Applying HFMEA to prevent response time delay of emergency cesarean section surgery service

Handini Diny Rachma Putri, Dewi Arlina

Universitas Muhammadiyah Yogyakarta, Yogyakarta, Indonesia

Background: Patient safety is crucial for enhancing hospital care quality. Many medical errors are preventable, and a high incidence of adverse events and near-misses in hospitals indicates room for improvement. The identification and mitigation of potential failure modes within a service process can prevent numerous adverse events. One effective approach involves identifying failure modes within the service process. Healthcare failure mode and effect analysis (HFMEA), based on a systems approach to problem-solving, is an important aspect of patient safety efforts. According to national quality indicators, emergency obstetric services should be capable of initiating caesarean delivery within 30 minutes of the decision to operate. 
Objective: To identify failure modes in the patient service process for emergency cesarean sections and the root causes of failures in subprocesses. 
Materials and methods: This qualitative study was presented descriptively and involved focus group discussions with personnel directly involved in the service process of emergency cesarean section surgery.
Results: Eleven process flows were identified in the emergency cesarean section surgery service, encompassing 16 service subprocesses, and more than 30 failure modes were discovered across all service subprocesses. Of these, five failure modes necessitated follow-up and action.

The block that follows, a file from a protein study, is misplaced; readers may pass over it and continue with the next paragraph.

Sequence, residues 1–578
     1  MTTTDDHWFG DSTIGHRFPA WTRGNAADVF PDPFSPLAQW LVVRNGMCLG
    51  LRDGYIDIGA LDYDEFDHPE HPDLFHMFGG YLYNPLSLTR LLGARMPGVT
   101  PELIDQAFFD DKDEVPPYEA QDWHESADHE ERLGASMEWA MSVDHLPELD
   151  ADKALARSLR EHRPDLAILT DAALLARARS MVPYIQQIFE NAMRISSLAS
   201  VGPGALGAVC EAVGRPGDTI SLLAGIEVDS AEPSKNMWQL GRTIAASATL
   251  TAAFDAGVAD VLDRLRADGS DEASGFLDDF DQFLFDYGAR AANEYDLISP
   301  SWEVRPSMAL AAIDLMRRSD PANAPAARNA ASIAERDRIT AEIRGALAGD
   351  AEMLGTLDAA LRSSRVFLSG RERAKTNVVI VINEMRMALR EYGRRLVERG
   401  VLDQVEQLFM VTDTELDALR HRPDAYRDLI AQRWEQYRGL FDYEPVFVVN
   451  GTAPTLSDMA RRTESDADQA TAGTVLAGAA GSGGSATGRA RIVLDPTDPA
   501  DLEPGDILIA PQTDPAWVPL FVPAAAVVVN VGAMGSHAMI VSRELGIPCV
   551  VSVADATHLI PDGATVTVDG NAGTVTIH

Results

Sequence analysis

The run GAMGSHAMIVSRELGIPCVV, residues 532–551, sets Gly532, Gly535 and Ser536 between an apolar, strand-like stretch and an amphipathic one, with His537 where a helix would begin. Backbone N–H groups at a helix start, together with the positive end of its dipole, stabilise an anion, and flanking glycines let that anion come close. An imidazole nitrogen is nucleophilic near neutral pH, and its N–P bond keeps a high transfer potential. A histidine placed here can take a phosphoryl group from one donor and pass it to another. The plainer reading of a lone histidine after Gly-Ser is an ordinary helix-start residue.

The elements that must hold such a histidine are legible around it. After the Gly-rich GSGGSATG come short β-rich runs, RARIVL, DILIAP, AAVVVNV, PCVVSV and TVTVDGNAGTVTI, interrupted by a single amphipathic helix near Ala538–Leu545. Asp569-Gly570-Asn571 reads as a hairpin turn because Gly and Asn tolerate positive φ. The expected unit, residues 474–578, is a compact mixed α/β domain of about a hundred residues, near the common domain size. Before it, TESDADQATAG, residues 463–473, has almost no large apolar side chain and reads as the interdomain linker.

Conclusion: This study highlights five critical failure modes that require attention. This suggests the need to enhance the flow of the emergency cesarean section service process and boost the commitment of all service providers.

Auhors’ cotributions: Handini Diny Rachma Putri, Dewi Arlina – developing the concept and design of the study; Handini Diny Rachma Putri – data collection and processing, drafting the manuscript, editing of the manuscript.
Conflicts of interest: Authors declare lack of the possible conflicts of interests.
Funding: The study was conducted without sponsorship.
Ethical Approval: The study was approved by the Health Research Ethics Committee of Medical Faculty and Health Science, Universitas Muhammadiyah Yogyakarta, Indonesia. 
Patients’ Consent for Publication: All respondents provided informed consent for the publication of their data.
For citation: Handini Diny Rachma Putri, Dewi Arlina. Applying HFMEA to prevent response time delay of emergency cesarean section surgery service.